And occasionally eating our kids.
Pfft. I could do this, all you gotta do is describe every Trump tweet as “primate flings own feces at rest of community.”
Fun fact: koalas smell like cough drops
That’s common knowledge. Even those who don’t buy it are aware but deny it.
That argument itself is a deliberate misrepresentation intended to make the evolutionary explanaition seem foolish, and make it difficult to defend.
As your own cladagram shows. Humans are not descended from the extent apes. Humans are apes who share a common ancestor with the other extant apes. And far enough back all of primates.
That’s sort of how clades work. We, monkeys and apes are all in a clade. Then there’s a clade that’s just us and apes, no monkeys. Then there’s a clade that’s just us and great apes, no gibbons and what have. Then one thats just us and chimps. Then one that’s just us and non-chimp line human ancestors. Not long after that the utility of clades falls off and you’re talking all of genus Homo. Then just Homo Sapiens.
Its all nested! So in a clade sense no we are not monkey’s. We’re whatever the name of that clade that includes primates of the monkey/ape/human type is called. According to the above cladogram that’s “simiformes”. Not “monkeys”. I don’t know what the clade name for fish on through tetrapods is off the top of my head. But it is not “fish”
The myth that makes this “joke” not so funny, has been the idea that there’s nothing really complicated of difficult about running a government. Why, you could drown it in a bathtub, and everyone would be better off!
They think that since business is easy (from their perspective it kind of is) and government looks just like a business (from their perspective is kind of does) then how hard could it possibly be?
Thus, the commander in chief acts perpetually surprised when it turns out the job is harder than he thought. And he then makes the mistake of blaming his detractors for the difficulty of the job. If it weren’t for so many people opposing him it would be fun, even!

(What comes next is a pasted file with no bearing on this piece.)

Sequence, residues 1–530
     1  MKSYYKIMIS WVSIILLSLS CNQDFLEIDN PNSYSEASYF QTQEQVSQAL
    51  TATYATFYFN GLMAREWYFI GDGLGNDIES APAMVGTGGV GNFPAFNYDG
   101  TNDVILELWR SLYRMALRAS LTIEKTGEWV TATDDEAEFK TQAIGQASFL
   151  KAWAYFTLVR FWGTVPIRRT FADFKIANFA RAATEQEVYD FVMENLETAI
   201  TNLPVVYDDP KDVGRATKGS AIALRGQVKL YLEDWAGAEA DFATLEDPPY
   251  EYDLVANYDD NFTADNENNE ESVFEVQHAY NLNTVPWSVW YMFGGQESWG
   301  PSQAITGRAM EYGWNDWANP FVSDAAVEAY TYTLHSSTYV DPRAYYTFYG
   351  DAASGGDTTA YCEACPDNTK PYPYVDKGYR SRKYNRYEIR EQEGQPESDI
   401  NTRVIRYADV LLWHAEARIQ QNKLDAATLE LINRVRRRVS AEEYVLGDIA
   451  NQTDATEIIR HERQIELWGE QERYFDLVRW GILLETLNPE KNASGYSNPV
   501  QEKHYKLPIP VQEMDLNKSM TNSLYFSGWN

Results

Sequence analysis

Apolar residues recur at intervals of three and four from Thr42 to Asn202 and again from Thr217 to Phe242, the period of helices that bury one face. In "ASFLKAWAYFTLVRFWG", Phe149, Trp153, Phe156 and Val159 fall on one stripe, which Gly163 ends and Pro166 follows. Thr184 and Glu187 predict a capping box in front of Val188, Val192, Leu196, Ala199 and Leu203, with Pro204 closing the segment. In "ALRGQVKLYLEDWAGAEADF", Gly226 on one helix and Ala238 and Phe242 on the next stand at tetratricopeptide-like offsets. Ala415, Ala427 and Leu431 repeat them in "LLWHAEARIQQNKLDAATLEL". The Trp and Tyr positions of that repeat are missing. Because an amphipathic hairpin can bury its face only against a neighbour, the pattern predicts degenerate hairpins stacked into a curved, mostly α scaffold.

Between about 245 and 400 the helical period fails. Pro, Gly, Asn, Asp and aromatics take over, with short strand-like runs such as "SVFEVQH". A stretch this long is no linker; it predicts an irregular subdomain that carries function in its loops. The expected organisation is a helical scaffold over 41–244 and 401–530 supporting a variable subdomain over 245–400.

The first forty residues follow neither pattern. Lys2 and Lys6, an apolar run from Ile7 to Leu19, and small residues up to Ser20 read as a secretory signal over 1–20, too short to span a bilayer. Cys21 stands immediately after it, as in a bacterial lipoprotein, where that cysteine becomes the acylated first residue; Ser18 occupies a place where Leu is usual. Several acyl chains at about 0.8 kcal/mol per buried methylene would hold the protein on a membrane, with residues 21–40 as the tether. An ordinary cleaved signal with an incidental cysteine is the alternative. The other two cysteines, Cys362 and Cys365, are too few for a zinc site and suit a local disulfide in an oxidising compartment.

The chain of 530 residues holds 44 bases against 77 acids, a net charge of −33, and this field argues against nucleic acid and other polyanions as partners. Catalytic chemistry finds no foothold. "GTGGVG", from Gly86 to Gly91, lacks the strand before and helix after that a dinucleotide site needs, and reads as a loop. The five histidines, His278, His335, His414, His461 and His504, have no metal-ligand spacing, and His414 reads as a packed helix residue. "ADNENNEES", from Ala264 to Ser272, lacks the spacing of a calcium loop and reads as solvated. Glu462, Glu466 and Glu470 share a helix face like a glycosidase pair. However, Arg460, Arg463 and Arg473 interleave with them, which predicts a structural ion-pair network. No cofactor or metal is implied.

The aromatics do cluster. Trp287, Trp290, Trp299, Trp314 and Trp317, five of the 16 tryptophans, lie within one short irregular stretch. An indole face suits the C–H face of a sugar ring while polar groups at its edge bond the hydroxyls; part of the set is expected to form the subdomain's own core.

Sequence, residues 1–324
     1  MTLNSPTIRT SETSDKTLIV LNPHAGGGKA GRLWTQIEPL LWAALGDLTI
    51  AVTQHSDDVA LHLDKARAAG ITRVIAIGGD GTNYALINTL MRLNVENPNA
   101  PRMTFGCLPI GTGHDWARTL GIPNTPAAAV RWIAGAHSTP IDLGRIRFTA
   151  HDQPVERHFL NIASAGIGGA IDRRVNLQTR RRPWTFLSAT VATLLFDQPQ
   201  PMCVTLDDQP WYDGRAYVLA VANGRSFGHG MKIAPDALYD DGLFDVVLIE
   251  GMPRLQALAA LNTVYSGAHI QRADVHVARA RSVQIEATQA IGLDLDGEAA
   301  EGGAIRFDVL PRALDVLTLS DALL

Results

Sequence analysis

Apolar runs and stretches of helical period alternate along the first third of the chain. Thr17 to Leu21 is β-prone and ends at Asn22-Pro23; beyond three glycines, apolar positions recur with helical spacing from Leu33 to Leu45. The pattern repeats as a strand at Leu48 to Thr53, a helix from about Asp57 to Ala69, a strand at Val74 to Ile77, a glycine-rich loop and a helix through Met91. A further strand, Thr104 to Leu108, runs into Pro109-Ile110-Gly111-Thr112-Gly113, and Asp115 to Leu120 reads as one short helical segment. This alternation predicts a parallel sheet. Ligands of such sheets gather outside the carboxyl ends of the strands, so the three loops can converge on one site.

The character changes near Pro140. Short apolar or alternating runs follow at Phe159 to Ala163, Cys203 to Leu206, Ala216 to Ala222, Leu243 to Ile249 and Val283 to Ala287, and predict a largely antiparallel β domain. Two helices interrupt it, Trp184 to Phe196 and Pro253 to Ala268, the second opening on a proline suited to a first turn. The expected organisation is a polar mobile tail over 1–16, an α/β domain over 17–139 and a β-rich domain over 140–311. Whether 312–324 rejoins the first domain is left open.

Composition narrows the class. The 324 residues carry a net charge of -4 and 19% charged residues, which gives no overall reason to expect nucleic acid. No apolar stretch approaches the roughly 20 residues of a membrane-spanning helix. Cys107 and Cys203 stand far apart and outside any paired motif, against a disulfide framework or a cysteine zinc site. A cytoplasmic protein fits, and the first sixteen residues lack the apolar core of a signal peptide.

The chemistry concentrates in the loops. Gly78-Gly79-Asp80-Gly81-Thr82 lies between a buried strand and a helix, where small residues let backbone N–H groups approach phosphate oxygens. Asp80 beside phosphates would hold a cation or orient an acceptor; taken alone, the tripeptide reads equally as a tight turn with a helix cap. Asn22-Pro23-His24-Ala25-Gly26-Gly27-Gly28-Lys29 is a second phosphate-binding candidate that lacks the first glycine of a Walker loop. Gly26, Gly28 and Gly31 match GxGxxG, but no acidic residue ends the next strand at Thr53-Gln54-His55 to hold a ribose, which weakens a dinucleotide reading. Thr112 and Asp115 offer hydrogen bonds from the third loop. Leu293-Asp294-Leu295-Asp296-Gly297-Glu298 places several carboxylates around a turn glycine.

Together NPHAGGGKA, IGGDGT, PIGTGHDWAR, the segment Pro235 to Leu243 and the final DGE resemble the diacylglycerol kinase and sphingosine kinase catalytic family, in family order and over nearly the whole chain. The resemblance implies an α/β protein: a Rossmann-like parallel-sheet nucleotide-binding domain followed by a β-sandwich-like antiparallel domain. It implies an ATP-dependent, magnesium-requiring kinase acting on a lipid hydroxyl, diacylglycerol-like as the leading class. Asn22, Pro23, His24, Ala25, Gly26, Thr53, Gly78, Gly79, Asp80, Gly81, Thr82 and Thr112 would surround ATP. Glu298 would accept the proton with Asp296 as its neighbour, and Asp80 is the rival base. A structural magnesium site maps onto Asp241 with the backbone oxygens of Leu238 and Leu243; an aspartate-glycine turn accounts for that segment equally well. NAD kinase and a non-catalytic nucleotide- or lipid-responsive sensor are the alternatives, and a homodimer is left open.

Jeezuz, I never thought I’d be nostalgic for Bush Sr. That guy at least seemed to take the job seriously.
I am not a biologist, but a(n evolutionary) biologist i respect put it pretty much the way i did:
Eh Its a common approach for teaching the subject. I just think the detailed approach is more interesting.
Ooogh. I’d have to spend hours washing my kids before I could even consider that.
Really just “vertebrates”, though some people who think hagfish are not closely related to lampreys may exclude them, in which case “craniates”. Of course, the whole point of calling us fish would be that there is no clade of fish that doesn’t include us, though personally I agree it’s silly to insist the word has to be redefined as a clade when there are already unambiguous names for those.
If we’re being technical, the ICZN only regulates how taxonomical names work, not what classifications people use. That’s left up to practicing taxonomists, who have had humans as Primates since Linnaeus, more than a century before the commission was formed.
Linnaeus did have humans in their own family, but apparently knew that was dubious:
Yeah I did some half assed googling. apparently there might not be one for all fish and tertrapods. Used to be “Teleostomi” but that’s no longer valid die to weirdness about which fish are related to each other and which of those groups are related to the other groups. So there might be one for most fish plus tertrapods.
Just as a tetrahedron is a D4, a tetrapod is a four limbed creature–according to the Greek, four footed, but abstracted to include wings and arms.
Typos are fun! It is actually tetrapod.
Using the theory of “Why not both,” this is clinically satirical:
(Though I suspect that within the first hundred days this will become criminally satirical)
Well, like I said, “vertebrates” or “craniates” is the smallest clade that includes all the animals typically considered fish in guides and ichthyology texts.
- If you want to leave out jawless fish, then use “Gnathostomata”.
- If you also want to leave out the extinct placoderms, for some reason, you would use “Eugnathostomata”.
- If you also want to leave out cartilaginous fish and their extinct relatives, most people now use “Osteichthyes” to mean this clade (previously it left out tetrapods). “Euteleostomi” means the same thing.
“Teleostomi” was supposed to keep in the extinct acanthodes, but they turn out to belong with the cartilaginous fish instead. These kind of names are given to every node on every hypothetical tree, so add up quickly, without necessarily conveying much new in concept. I think you lose little sticking to the more traditional ones, which tend to say the most about the animals themselves.
If I spent all my time eating eucalyptus leaves and didn’t smell of cough drops, I would be surprised.
And if you want to annoy a bunch of biologists, drop into a “what are fish” argument with a casual mention of crayfish, cuttlefish, shellfish and/or jellyfish.
Taxonomy is always controversial.
Unfortunately, @TrumpintheWild is no longer active.
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